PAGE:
- Connect your employees to helpful resources and information. Employees can feel lost and alone in their quest to balance their remote work life with their family time. If your company offers an Employee Assistance Program (EAP), now is a good time to remind your employees that it is available to them and their immediate family members—including their children and parents. Some local community agencies offer support at little or no cost, too.
Curtis says you’ll help your employees feel appreciated and supported when you offer them resources that can help make their lives a little easier in times like this. Consider rolling out or highlighting your existing dependent-care flexible spending accounts, wellness programs, telemedicine services, and childcare reimbursements.
- Help to build social connections with your employees and children. It’s important that your employees feel connected to their coworkers, especially during this time. In addition to informal, virtual check-ins, you can also encourage employees to connect with each other to form learning pods for their children of a similar age or to share daycare options. Offering social activities where employees can include their children can help as well.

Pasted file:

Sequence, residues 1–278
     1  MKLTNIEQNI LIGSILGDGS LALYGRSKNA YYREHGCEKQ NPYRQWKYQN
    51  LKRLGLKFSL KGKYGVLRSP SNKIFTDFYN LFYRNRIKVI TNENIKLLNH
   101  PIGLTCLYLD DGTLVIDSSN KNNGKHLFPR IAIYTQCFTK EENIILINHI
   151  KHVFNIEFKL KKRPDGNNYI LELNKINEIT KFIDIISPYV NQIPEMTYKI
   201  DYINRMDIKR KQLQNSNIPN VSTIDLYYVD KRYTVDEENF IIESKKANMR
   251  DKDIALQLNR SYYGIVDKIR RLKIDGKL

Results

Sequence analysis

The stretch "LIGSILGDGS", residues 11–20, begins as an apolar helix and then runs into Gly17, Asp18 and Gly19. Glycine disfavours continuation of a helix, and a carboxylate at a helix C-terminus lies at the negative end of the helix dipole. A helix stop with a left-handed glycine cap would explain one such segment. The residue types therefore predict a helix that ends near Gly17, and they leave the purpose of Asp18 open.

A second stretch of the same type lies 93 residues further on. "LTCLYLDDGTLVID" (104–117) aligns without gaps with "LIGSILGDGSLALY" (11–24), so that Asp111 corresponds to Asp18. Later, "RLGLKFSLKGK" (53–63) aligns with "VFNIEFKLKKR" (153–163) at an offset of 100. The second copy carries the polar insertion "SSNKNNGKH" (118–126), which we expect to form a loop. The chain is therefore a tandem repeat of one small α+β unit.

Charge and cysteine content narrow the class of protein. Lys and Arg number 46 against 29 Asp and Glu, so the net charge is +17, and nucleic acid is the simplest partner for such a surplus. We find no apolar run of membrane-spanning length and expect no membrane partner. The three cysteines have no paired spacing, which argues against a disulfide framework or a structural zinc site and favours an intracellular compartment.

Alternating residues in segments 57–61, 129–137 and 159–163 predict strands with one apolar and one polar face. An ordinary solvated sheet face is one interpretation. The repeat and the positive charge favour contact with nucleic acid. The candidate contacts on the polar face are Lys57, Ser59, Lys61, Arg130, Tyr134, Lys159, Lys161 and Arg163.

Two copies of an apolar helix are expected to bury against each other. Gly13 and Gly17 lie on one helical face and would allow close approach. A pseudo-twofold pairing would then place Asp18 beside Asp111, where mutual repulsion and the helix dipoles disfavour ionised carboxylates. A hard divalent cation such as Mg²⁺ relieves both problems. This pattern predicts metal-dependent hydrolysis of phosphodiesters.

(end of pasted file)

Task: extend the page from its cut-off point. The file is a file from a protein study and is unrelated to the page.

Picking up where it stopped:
“Consider offering companywide virtual family-friendly yoga or workout sessions,” Curtis says. “Or get creative and facilitate other activities like virtual family bingo with prizes.”
- Be aware of local, state, and federal laws and regulations that protect your employees’ rights; update your policies accordingly. The Department of Labor and recent legislation such as the Families First Coronavirus Response Act specify how employers must manage employee leave requests and other important job-protection protocol. Curtis recommends that employers strongly consider consulting with their legal counsel before making any changes to company rules and policies.
Grow stronger, together
As businesses struggle to accommodate new client and buyer behaviors, employers and their employees are also adjusting to this new reality. Giving yourself, your children, your clients, managers, and employees the time and tools to develop the most productive path forward will help you to not just survive, but ultimately grow into a stronger, more successful team.